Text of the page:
Saturday, February 28, 2009

Tweets and Twitters?

You have probably heard about Twitter and, if you are like me, initially dismissed it as a toy for kids who think people actually care about what they ate for breakfast. Who has time to write, much less read, such nonsense? More importantly for me, what if people actually do read (and remember) it? Will it come back to haunt me years later?

But there is actually a lot more to this system than even its creators envisioned and you may want to take a second look. Here are two articles that do a great job showing a higher purpose for tweets on Twitter—and some great ideas you can use for your organization or business. They have me re-thinking my initial resistance, I admit.

The first is by Randy Cassingham, the world-famous author of "This is True." This blog post gets all the credit for my change of heart.

The second has good tips to help you get more out of Twitter than just a trail of tweets. It is a post by Ellen Naylor, one of my LinkedIn Connections, on the Cooperative Intelligence site.

If you have seen a creative use of Twitter, post a comment with the link. I am definitely looking for inspiration, especially for online advocacy groups.

Friday, February 27, 2009

Why Is SPAM So Bad?

Why does email spam offend us so much? Assuming you have your email set to TXT only and there are no hacking risks, what makes unwanted commercial email so much more distasteful than junk mail in your mailbox?

You probably receive grocery store circulars, NetFlix postcards and packages of coupons along with “great deal” offers for gutters, credit cards, siding, tires, brakes, massages, magazines, etc. Have you done anything to cut down on those?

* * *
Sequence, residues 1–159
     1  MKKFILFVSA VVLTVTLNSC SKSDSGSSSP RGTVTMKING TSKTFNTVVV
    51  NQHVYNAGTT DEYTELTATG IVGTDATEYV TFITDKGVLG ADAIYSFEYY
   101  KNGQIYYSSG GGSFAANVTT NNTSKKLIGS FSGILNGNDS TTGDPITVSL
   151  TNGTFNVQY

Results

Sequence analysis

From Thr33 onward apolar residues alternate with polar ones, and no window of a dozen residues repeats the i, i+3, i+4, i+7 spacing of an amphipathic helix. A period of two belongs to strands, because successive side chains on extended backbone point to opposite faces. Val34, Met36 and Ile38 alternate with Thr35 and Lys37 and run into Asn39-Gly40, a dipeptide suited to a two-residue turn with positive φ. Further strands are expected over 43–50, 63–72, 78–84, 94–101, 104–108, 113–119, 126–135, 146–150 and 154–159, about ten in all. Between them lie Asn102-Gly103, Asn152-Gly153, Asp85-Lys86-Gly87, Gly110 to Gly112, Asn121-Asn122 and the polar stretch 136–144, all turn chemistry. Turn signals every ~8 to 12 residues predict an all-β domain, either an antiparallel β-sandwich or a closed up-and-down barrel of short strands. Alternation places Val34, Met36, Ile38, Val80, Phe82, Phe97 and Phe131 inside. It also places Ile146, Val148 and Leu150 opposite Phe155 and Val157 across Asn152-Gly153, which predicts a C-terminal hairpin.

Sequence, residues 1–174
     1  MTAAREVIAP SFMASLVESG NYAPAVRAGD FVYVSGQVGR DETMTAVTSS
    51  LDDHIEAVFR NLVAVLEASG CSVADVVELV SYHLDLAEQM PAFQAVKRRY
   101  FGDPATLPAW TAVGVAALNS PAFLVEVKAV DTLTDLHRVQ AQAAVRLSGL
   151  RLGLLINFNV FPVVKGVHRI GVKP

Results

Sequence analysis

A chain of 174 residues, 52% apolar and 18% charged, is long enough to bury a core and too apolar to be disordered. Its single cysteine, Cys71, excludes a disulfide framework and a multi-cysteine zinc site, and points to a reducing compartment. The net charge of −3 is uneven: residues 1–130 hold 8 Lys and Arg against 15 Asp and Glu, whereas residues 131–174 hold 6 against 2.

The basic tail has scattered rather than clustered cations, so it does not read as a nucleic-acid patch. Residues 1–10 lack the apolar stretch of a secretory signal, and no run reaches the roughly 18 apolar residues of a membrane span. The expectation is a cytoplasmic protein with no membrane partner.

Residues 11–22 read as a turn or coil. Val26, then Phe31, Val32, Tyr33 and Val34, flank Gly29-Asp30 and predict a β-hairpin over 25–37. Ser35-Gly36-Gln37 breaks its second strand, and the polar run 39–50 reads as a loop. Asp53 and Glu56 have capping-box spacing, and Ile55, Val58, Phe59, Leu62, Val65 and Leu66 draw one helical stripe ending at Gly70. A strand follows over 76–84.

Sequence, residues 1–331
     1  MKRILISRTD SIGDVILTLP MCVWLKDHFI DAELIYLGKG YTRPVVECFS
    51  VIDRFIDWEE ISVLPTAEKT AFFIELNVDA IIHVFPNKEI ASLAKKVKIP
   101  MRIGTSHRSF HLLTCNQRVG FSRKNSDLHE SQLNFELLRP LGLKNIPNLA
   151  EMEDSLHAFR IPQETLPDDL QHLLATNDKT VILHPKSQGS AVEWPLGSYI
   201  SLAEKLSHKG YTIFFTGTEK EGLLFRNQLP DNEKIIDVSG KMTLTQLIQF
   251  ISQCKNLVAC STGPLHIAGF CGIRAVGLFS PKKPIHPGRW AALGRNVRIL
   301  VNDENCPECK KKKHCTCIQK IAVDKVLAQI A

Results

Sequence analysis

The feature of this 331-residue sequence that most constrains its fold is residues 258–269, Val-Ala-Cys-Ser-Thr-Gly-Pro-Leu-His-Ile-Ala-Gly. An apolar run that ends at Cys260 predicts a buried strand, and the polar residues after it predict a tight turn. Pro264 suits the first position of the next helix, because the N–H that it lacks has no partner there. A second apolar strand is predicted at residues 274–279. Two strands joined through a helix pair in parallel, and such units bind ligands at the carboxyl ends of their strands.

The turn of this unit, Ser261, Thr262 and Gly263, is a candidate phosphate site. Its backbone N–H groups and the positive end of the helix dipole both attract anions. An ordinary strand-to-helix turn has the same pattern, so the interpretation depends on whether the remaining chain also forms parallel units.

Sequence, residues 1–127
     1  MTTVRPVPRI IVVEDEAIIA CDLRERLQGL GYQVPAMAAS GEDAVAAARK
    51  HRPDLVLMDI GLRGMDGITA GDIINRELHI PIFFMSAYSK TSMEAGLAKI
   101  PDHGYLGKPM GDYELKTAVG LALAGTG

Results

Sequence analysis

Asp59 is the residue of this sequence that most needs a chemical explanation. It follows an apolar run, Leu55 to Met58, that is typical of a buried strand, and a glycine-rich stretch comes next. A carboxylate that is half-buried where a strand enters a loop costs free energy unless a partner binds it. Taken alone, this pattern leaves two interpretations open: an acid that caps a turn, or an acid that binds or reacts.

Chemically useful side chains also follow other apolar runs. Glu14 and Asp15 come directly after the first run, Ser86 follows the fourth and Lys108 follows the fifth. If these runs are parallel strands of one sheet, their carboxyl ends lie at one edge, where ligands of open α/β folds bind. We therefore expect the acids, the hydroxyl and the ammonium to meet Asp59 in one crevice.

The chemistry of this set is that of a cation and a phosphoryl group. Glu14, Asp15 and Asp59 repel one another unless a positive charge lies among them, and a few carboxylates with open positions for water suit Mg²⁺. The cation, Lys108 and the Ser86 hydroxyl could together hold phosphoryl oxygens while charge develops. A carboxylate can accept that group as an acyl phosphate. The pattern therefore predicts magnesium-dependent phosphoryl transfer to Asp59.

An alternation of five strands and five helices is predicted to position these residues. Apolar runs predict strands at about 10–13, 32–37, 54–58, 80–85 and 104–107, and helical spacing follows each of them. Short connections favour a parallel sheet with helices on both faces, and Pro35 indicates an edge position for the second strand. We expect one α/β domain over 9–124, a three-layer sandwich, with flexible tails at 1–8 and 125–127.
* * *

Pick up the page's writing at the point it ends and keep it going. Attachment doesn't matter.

Unsolicited credit card offers, for one, pose as much a risk to us as many email threats, but most people have not checked their credit reports in years (do it free here each year—no memberships required) or opted out of getting them (do that here) in their unsecured, public address receptical (i.e., mailbox). People will register for the “do not call” list (do that here) but never even read those pamphlets from merchants and credit card companies that explain how to prevent having your name and address re-sold to “business partners.”

So what pushes our buttons about these electronic offers to enlarge, reduce, enlighten, entertain or enlist us?

Thursday, February 26, 2009

Poor Employer-Sponsored Retirement Plans

In an effort to cut costs, employers are looking for cheaper alternatives in their benefits packages. “You get what you pay for” is very often true when it comes to retirement plan administrative services. Those with the best plan options probably charge some of the highest fees. Yet if your employer sponsors a plan, you are generally ineligible for a personal Individual Retirement Account.